Pravda, the official newspaper of what became the Communist Party of the Soviet Union, was first published.
Prior to the foundation of the CPSU many revolutionary socialists belonged to the Russian Social Democratic Labour Party. It was the RSDLP that had originally split into Bolshevik (majority) and Menshevik (minority) factions in 1903.
An early version of Pravda appeared that year, although at the time it was a journal without political affiliation. Its editorial board gradually began to include active members of the RSDLP and, by 1909 when its headquarters moved to Vienna, the board was dominated by Bolsheviks under the editorship of Leon Trotsky.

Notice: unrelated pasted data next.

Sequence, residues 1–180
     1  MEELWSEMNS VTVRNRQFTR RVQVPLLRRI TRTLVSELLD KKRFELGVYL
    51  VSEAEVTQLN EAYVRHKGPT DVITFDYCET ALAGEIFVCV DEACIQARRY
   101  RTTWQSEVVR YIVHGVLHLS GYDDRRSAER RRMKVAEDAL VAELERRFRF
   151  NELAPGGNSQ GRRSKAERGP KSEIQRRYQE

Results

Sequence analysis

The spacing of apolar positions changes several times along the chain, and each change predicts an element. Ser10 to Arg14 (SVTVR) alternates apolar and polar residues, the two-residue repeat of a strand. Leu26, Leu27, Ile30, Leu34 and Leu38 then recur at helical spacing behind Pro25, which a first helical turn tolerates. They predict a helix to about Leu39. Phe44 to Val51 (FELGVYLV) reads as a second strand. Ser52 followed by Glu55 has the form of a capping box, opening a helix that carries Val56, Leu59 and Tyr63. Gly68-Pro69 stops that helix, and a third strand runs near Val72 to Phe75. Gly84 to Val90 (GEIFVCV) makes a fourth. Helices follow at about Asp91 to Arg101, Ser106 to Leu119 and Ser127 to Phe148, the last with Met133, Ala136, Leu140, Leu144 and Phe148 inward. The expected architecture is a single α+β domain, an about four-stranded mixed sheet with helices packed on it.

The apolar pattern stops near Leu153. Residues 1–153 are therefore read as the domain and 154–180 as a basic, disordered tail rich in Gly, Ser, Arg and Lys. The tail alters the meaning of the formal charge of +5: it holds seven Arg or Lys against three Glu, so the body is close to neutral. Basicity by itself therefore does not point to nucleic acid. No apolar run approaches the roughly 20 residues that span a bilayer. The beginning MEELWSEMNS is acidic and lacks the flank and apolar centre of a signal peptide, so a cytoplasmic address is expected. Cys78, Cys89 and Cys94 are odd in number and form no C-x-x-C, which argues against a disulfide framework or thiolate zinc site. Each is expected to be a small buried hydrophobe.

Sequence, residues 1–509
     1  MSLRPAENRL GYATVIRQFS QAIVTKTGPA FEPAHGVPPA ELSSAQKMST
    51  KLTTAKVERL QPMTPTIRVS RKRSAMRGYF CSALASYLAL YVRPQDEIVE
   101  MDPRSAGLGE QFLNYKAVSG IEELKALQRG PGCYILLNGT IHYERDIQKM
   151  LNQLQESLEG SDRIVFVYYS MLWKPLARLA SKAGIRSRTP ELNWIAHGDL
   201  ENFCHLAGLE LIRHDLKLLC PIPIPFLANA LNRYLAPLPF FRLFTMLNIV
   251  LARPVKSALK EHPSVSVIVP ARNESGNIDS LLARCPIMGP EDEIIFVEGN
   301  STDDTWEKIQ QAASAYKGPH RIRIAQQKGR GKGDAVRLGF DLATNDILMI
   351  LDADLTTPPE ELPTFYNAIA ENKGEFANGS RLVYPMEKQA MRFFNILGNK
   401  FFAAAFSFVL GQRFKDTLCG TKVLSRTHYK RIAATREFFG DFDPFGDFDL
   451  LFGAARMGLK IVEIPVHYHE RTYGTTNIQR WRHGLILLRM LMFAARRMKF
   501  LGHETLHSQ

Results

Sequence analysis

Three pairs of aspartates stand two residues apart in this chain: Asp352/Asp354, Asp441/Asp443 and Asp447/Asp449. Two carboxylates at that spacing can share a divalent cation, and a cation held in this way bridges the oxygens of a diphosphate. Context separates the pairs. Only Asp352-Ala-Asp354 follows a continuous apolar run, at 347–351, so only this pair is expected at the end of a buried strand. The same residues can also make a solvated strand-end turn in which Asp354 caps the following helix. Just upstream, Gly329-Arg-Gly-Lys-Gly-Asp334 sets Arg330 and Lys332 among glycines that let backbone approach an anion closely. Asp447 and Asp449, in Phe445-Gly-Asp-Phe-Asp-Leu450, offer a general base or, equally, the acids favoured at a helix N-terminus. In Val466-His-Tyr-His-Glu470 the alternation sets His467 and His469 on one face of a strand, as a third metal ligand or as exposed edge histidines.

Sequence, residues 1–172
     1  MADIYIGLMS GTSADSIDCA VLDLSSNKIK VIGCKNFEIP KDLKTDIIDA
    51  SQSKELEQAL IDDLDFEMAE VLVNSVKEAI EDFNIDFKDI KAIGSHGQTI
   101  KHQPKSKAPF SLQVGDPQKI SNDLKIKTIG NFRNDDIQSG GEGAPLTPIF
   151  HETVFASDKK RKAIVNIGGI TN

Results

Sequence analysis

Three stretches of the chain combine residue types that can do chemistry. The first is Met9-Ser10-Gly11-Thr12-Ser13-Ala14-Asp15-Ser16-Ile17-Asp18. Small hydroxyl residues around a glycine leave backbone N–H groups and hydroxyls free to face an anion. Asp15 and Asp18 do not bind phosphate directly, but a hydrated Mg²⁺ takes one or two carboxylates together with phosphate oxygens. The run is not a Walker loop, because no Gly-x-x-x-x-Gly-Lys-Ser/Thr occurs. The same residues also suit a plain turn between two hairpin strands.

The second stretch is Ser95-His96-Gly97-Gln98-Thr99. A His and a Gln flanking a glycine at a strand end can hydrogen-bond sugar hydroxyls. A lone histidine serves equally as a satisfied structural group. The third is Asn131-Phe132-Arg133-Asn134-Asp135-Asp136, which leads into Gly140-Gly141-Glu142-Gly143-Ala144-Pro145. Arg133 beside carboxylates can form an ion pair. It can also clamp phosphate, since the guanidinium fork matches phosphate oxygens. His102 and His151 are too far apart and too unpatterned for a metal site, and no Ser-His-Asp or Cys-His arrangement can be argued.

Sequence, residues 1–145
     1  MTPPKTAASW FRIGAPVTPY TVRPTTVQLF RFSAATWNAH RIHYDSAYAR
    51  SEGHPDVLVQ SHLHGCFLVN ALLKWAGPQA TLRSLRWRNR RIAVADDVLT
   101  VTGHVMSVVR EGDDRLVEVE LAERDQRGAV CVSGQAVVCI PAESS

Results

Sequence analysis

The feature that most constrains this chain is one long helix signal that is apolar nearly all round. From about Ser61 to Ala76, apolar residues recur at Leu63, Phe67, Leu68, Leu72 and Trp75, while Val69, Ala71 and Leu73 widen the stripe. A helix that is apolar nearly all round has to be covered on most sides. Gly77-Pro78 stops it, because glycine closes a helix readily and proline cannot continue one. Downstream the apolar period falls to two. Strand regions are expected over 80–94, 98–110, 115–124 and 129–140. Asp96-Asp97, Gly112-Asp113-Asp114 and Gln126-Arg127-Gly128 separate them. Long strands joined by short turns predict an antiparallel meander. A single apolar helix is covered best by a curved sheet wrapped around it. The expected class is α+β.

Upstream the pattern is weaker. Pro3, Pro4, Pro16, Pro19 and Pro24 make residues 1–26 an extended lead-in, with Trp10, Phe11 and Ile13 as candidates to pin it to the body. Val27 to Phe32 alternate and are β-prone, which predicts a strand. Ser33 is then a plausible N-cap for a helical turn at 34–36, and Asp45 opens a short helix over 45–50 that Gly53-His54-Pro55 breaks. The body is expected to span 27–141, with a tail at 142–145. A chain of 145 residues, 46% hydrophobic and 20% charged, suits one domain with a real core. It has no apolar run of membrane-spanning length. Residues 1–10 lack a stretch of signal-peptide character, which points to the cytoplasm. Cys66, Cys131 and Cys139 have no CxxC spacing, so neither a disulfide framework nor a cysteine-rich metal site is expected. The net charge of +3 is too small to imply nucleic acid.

The Central Committee of the RSDLP had first suggested making Pravda its official mouthpiece in 1910, but it wasn’t until the Mensheviks were expelled from the party in January 1912 that this happened. The Bolshevik leader Vladimir Lenin moved the paper to St Petersburg and the first edition was published on 5 May, the anniversary of Karl Marx’s birth.
The first edition of the newspaper consisted of just four pages, and focused on workers’ issues. As its circulation increased to as many as 60,000 copies by July 1914, Pravda was shut down by the tsarist government censors.
Despite this suppression, Pravda continued to be printed under a serious of pseudonyms. The newspaper formally reopened following the February Revolution of 1917 and by 15 March it was being co-edited by Joseph Stalin following his return from exile.
Pravda remained the official newspaper of the Soviet Communist Party until it was abolished in 1991. The newspaper continues to exist, albeit not as a daily publication.